Some students treated differently
As a junior at UNC-Chapel Hill, I see the polarization on a daily basis: Blacks are underrepresented and underachieving at our popular public universities.
I’ve spent a lot of time in Raleigh because many of my friends are students at N.C. State. I see the same trend that’s present in Chapel Hill.
I wonder why there’s a lack of color on these prestigious campuses. Is it money? Circumstances? Privilege? Maybe.
But the stem of the issue starts with a lie I was taught, specifically in this area.
My parents are from Nigeria. They were forced to return to their native country for immigration purposes. After 12 years apart, my mom and I were reunited. Unfortunately, my father passed away overseas in 2009.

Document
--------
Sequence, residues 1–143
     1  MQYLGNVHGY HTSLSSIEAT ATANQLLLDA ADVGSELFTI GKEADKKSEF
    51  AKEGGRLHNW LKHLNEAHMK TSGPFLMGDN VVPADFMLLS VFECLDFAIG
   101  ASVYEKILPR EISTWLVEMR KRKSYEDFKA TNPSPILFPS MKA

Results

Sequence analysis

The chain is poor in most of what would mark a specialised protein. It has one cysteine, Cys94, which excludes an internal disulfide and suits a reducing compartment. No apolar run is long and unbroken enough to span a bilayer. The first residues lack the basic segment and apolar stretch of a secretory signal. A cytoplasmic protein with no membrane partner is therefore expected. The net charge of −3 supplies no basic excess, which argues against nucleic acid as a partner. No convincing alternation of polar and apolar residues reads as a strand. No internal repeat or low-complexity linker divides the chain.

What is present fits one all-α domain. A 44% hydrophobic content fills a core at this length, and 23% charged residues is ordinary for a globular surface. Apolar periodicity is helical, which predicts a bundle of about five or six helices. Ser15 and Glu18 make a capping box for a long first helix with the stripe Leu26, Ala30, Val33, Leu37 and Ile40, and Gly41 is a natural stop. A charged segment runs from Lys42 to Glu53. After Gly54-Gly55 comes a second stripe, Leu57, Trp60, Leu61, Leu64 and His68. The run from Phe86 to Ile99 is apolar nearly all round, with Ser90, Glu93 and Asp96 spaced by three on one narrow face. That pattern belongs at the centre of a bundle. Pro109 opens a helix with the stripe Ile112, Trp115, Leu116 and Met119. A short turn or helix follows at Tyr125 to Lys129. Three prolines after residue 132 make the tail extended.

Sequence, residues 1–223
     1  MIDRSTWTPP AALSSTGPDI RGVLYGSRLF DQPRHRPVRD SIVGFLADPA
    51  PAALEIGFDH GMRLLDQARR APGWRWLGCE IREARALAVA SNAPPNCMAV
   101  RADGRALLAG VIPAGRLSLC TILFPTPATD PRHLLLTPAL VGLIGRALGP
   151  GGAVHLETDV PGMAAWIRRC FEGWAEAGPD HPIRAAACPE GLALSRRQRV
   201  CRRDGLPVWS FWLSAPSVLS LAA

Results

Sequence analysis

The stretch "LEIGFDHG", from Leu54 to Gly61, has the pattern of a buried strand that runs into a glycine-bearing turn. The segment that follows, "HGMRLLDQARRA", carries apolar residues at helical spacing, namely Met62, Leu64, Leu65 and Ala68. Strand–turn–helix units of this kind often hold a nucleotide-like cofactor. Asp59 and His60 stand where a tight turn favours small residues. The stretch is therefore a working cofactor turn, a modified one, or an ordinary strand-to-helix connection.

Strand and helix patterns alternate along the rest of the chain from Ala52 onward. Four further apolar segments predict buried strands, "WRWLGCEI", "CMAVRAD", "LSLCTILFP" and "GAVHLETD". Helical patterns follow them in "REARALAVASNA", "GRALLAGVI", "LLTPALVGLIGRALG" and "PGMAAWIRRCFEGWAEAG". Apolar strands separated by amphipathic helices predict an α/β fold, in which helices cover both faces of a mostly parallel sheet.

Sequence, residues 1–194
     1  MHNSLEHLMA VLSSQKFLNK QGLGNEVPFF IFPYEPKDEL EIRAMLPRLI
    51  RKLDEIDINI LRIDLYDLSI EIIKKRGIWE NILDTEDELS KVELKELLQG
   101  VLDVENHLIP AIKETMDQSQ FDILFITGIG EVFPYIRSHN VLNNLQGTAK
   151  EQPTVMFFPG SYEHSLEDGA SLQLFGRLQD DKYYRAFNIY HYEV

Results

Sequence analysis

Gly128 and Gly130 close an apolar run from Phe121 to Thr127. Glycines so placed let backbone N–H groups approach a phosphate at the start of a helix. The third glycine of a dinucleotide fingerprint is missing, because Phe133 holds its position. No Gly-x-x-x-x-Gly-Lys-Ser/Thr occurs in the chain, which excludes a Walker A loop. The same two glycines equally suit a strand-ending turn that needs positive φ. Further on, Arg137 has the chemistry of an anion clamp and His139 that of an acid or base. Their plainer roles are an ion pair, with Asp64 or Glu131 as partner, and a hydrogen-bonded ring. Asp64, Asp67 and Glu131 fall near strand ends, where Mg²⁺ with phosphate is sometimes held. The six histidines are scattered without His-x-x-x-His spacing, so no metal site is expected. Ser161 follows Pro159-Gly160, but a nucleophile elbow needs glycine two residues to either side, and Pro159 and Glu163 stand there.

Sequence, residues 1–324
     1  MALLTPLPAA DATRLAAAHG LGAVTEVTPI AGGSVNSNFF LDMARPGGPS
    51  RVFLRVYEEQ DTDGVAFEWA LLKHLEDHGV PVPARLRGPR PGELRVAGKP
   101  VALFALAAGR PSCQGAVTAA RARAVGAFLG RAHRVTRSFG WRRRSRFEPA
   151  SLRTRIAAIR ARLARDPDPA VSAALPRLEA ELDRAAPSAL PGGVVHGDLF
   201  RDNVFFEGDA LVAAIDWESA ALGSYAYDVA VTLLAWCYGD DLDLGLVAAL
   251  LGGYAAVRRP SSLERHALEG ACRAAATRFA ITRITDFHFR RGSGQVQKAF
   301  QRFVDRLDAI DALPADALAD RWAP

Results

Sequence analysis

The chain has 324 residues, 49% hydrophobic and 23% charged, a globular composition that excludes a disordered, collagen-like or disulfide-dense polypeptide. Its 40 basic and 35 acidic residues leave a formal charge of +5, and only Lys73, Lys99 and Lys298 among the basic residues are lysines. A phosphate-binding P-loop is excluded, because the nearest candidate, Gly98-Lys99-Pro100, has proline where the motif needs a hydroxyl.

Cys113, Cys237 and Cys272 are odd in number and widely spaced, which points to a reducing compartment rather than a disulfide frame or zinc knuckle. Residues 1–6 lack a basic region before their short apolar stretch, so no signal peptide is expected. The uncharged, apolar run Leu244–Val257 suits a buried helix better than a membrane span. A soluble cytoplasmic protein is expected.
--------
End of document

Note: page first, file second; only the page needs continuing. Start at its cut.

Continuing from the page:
I spent only five years with my father, but he always emphasized the importance of education. This motivated me to do well in school, until I moved to Cary.
Realizing the cultural differences between southeast Raleigh and Cary early on, I was shocked to see how some teachers treated me. It was almost as if they were expecting me to fail. This realization infuriated me as I continued to struggle with my temper.
Some teachers saw my horrible attitude and neglected me. Students like me were told that if you had a bad attitude, it would be difficult to go to college and be a law-abiding citizen. My white classmates who struggled with their tempers were met with sympathy. Not all of my teachers were like this, but I was treated differently.
Many black students experience this same marginalization in their school systems. This leads to the mindset that they can’t make it to college.
This is the foundation. When will there be a change?
Luke Akinsola, Cary
Akinsola attended Cary High School for four years, graduating in 2012. He is a junior broadcast journalism major at UNC-Chapel Hill. He wrote this letter for an assignment in his writing and reporting class where he was asked to write a letter to the editor for his hometown paper about any topic.